21 Jul 2018

Irvine Welsh - Dead Men's Trousers and the Trainspotting generation

From Saturday Morning, 10:07 am on 21 July 2018

Irvine Welsh shot to fame when his novel Trainspotting about a group of young heroin addicts from his old neighbourhood in Leith came out in 1993.

He became even more famous when Danny Boyle's film adaptation was released in 1996.

Irvine Welsh

Irvine Welsh Photo: supplied

The sequel T2 was also made by Danny Boyle, writer John Hodge and Irvine Welsh, and that was a hit as well when it came out last year. 

His latest book Dead Men's Trousers, is a further installment from the lives of the original quartet of characters from Trainspotting. – Mark “Rent Boy” Renton, Spud, Sick Boy and Begbie.

Welsh says his most well-known characters keep giving him stories.

“You build up characters and you’ve got them and they’re like tools you can use for other jobs. They’re quite well-observed characters, there’s a lot of detail on them that tends to beget more stories.

“I work from character rather than from plot, and I use characters to develop story lines.”

Dead Men's Trousers looks at male friendship in middle years. Welsh acknowledges that though he may not have mellowed, he’s a more sentimental man now than he was in his 30s.

“We’re all looking for love, we’re all moving towards it. The greatest thing in the world that you can do is give or receive love - it should be powering our behaviour, unfortunately what happens is the people who seek power get their cheap buzz and catharsis from that power and it never satisfies them.

“Their ambition is to make everybody else as miserable as they are - the rest of us should be looking to love and aspiring to love.”

Welsh says old forms of relationships are breaking down in a post-capitalist world.

“We’re not only moving on from the kind of relationships we established in capitalism, we're moving on from relationships we established in feudalism as well. For the first time we’re no longer tethered to fields or factories.

“There’s no real basis for the division of labour, and there’s no real basis for the whole elitist and sexist construction of society now.”

We are all - the powerful and wealthy 1 percent included - living in revolutionary times, he says.

“When you have all the wealth of the planet concentrated, the wealth becomes meaningless - not only to the people in general, it becomes meaningless to the 1 percent too.

“If you’ve got a house stuffed full of valuable paintings what kind of value does it really have when there’s nobody else can bid for it? It has no value in the broader society.”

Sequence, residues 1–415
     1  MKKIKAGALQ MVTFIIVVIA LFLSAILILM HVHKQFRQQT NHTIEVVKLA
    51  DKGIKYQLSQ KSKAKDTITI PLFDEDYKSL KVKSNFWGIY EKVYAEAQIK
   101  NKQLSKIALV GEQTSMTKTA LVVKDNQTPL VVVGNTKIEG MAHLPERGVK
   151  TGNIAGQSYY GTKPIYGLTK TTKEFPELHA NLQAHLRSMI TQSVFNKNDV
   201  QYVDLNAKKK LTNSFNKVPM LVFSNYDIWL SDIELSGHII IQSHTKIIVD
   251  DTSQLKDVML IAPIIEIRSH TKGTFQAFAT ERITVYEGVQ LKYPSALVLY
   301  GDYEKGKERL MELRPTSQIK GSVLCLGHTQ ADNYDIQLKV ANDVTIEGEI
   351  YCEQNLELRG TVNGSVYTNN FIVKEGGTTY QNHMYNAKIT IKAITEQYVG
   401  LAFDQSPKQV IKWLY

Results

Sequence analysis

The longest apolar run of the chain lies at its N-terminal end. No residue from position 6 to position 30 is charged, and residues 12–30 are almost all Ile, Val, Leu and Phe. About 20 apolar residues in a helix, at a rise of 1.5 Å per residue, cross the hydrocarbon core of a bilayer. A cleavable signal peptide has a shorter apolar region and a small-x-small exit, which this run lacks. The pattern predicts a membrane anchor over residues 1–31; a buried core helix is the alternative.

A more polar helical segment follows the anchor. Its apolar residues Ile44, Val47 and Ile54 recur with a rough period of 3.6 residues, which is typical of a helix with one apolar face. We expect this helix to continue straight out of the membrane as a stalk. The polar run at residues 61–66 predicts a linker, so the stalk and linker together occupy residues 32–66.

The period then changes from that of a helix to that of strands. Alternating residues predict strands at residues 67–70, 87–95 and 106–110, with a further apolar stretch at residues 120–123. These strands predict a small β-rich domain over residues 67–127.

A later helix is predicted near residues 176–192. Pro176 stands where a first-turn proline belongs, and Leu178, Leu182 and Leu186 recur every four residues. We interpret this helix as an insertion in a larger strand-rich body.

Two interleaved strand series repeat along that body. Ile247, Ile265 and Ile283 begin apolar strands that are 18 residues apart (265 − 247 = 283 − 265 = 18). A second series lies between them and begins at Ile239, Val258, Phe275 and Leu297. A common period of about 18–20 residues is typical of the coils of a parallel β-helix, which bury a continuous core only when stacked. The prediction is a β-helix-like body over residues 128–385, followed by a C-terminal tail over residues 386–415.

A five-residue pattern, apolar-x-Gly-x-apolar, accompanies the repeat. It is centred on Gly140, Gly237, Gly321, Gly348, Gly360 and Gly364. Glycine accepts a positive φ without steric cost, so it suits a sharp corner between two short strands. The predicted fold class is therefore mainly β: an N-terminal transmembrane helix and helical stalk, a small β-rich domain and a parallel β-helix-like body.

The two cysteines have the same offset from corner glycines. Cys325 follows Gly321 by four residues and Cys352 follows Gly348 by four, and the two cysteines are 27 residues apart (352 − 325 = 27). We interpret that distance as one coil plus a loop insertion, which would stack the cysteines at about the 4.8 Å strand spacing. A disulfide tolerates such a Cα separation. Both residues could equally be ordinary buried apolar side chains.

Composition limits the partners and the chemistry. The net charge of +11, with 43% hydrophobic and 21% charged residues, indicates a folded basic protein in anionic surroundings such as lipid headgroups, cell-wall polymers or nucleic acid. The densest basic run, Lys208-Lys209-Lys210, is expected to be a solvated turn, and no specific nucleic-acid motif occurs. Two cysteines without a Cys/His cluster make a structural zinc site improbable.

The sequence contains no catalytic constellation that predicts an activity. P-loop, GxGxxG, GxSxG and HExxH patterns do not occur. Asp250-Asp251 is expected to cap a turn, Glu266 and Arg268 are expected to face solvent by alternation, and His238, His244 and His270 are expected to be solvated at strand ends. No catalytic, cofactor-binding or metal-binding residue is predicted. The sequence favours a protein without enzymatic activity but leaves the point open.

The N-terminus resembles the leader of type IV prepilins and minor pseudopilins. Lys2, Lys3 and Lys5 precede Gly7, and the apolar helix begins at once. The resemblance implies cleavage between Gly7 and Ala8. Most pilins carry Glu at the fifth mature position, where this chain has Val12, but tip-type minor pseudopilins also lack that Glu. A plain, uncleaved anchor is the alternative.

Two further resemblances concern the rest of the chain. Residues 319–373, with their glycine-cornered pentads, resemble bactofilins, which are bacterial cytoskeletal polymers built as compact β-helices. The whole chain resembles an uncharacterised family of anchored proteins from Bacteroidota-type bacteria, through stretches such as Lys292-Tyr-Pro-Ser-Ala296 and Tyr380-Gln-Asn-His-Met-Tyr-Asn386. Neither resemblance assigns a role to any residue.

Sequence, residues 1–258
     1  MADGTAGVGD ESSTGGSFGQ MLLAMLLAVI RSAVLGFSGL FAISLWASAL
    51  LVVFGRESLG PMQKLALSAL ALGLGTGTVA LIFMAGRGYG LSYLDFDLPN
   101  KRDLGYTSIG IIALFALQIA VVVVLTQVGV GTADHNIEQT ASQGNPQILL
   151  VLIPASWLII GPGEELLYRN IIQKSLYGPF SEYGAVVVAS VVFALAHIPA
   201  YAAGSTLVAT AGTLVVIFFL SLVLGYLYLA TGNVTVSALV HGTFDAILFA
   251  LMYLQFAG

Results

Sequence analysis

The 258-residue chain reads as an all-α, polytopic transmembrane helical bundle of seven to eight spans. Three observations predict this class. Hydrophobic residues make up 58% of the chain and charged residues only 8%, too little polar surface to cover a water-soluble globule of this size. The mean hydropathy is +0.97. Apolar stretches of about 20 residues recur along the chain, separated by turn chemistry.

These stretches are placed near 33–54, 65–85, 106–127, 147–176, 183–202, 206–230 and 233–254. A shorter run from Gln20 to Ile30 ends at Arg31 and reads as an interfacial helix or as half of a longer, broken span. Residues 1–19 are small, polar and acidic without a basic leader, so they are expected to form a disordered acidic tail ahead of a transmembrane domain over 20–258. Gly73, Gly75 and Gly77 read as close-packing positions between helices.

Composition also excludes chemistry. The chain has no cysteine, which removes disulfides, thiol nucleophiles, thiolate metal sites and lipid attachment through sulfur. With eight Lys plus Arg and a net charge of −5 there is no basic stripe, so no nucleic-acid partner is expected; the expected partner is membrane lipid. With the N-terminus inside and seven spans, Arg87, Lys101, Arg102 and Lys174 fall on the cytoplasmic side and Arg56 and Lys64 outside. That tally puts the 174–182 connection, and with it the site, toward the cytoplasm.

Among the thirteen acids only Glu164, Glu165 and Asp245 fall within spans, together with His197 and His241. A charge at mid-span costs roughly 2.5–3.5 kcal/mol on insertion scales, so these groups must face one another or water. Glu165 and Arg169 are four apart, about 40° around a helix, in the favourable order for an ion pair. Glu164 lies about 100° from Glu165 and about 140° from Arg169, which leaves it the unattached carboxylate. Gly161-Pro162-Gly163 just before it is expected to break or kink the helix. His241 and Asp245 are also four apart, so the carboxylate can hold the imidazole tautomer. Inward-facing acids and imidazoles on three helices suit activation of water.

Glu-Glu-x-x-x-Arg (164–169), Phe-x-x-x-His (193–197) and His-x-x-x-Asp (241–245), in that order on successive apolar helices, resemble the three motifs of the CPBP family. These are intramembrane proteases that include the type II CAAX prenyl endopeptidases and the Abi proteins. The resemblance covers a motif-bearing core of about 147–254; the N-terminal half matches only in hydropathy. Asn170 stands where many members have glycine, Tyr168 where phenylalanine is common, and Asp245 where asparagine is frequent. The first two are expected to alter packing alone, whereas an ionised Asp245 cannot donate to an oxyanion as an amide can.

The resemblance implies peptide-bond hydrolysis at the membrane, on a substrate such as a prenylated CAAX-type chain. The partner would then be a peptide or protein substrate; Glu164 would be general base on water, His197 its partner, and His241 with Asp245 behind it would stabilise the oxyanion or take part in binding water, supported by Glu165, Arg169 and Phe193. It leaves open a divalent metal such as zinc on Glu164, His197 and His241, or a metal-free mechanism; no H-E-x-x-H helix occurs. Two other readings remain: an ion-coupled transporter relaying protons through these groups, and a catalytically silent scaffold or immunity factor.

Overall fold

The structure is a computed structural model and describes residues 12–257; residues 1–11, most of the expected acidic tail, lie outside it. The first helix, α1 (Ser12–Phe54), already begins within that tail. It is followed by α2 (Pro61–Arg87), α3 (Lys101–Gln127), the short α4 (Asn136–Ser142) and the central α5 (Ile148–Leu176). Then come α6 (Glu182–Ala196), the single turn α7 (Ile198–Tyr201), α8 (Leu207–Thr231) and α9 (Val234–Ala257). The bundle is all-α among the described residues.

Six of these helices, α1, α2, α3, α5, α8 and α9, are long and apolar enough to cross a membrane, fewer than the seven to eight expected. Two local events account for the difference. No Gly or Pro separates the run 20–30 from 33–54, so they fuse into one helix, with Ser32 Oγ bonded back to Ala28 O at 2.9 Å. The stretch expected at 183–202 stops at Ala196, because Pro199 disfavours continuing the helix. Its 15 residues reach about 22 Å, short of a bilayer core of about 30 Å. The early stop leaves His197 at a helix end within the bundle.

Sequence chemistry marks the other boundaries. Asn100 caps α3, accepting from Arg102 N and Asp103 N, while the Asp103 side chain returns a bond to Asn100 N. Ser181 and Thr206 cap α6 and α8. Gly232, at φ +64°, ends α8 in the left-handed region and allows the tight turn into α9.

Welsh believes society is facing a choice between free expression or more authoritarianism.

“We’re in revolutionary times, it’s not a left or a right thing anymore, we’re confronted with the choice between freedom and authoritarian governments.

“Do we play sport and write poetry and make love in the fields or do we need to be controlled? Do we need structure? Do we need to be talked down to?”

Now in his 60s, Welsh says today’s 20-somethings have been robbed of their chance to be wild.

“They live at home with their parents because they can’t afford to get on the property ladder, they’re not given a chance to rebel and go nuts and go crazy and there’s no real culture to sustain that now.”

He says that parents drop off their teenage children when he does readings at bookshops and theatres, and take off across the road to the pub.

“A lot of young people in their teens and early 20s are quite infantilised now. They live at home with their parents who come down and leave them in the bookshop or the theatre and say 'this is Irvine Welsh, just sit and listen to him'.”

“I’m kind of like, this adult-fiction teen babysitter. It’s all teenagers that come to the readings now. You get older and older and the crowd gets younger and younger.”

The generation that Welsh first wrote about, the so-called trainspotting generation - males in their mid-to-late 40s - are dying at higher rates than other groups in the UK.

Trainspotting 1996 Danny Boyle, Ewan McGregor, It is forbidden to reproduce the photograph out of context of the promotion of the film. Restricted to Editorial Use.

Photo: AFP / Archives du 7e Art / Channel Four Films / Figment Films / Liam Longman

Heroin users who survived ODs and HIV infections in the '80s and '90s are in failing health now, he says.

“A lot of people who smoked heroin off foil, rather than injected it, are getting a horrible asbestosis sort of thing.

“There is a longitudinal thing, the ramifications of treating your health badly when you’re young. You never really know what’s in the post as a result of your past misdemeanours.”

Indeed, one of his famous four dies in Dead Men's Trousers, which Welsh says is a nod to reality.

“It would have been unfeasible for all these guys to survive, living the way they do.”